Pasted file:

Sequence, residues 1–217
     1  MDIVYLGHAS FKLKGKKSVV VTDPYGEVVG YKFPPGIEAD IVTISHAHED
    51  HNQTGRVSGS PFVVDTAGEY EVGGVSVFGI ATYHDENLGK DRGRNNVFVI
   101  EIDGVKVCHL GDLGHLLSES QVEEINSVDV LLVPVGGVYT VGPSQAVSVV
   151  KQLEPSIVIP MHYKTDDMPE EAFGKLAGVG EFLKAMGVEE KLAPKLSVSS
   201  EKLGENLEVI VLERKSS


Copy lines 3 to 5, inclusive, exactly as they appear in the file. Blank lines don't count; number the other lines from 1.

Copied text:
    51  HNQTGRVSGS PFVVDTAGEY EVGGVSVFGI ATYHDENLGK DRGRNNVFVI
   101  EIDGVKVCHL GDLGHLLSES QVEEINSVDV LLVPVGGVYT VGPSQAVSVV
   151  KQLEPSIVIP MHYKTDDMPE EAFGKLAGVG EFLKAMGVEE KLAPKLSVSS